News of Nasdaq's delisting notice was made public on Tuesday. The decision by the exchange was a direct result of fraudulent activity by Luckin coming to light in April. According to the company itself, COO Jian Liu and "several employees reporting to him" were engaging in fraud that included creating fake customer transactions and inflating costs and expenses. The total amount of fraud was estimated to be around $310 million. The total has not been independently verified as of the writing of this article, and the company has stated it may be subject to change as it further investigates.
In response to the scandal, Luckin Coffee has been purging employees tied to the fraudulent activity. Liu, as well as CEO Jenny Zhiya Qian, were both fired from their positions and later forced to resign from the Board of Directors. In response to the delisting notice, Luckin Coffee has requested a hearing with Nasdaq to contest the delisting and remain on the exchange. Standard procedure for Nasdaq hearings has such appeals typically heard a month or so after requested, it may be at least two months before Nasdaq comes to a decision in Luckin's appeal.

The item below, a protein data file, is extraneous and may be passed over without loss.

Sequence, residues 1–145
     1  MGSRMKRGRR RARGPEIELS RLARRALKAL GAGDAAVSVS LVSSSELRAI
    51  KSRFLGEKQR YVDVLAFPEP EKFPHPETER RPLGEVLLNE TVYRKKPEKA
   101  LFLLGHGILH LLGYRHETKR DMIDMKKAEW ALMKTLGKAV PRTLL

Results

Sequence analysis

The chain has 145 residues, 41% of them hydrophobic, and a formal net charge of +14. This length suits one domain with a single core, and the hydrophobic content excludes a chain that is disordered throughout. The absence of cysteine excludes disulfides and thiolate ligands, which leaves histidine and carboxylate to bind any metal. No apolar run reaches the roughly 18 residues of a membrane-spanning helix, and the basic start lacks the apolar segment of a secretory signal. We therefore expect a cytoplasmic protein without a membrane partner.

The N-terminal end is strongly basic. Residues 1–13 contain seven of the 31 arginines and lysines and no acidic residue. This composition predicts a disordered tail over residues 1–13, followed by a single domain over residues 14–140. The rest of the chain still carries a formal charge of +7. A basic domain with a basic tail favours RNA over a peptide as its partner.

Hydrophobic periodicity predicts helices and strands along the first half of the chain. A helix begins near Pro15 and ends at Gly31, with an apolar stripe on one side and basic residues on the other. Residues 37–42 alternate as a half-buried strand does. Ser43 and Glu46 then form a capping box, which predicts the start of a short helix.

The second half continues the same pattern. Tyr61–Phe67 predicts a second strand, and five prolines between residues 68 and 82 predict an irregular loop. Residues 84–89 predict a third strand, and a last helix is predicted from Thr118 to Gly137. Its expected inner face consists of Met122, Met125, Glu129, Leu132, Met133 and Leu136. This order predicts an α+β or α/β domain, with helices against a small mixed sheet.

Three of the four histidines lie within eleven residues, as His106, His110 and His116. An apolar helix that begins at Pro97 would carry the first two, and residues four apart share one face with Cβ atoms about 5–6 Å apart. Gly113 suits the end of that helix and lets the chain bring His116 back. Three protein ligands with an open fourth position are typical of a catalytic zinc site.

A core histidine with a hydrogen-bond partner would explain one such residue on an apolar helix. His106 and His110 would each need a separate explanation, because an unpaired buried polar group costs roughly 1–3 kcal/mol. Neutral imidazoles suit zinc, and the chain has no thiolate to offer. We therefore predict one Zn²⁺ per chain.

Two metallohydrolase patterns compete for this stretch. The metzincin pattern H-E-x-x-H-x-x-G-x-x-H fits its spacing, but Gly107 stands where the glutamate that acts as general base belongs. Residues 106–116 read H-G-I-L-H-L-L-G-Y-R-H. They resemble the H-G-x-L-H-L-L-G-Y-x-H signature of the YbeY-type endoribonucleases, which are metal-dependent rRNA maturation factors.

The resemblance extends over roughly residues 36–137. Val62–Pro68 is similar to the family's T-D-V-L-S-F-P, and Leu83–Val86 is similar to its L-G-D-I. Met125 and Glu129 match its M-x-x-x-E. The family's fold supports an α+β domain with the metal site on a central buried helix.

The fraud and the subsequent delisting notice have not boded well for Luckin Coffee, which was allowed to resume trading Wednesday after a monthlong freeze by Nasdaq. The company lost 40% of its share price during premarket trading and was down a further 35% by mid-morning. Shares of Luckin closed at $2.84 on Wednesday, and at midday on Thursday were at $2.01. The company has lost over 90% of its share price in the early months of 2020, dropping from $50 in January to yesterday's $2. The most significant drop in share price came in April amid the trading freeze by the exchange, which saw the price plummet from $26.20 to $6.40.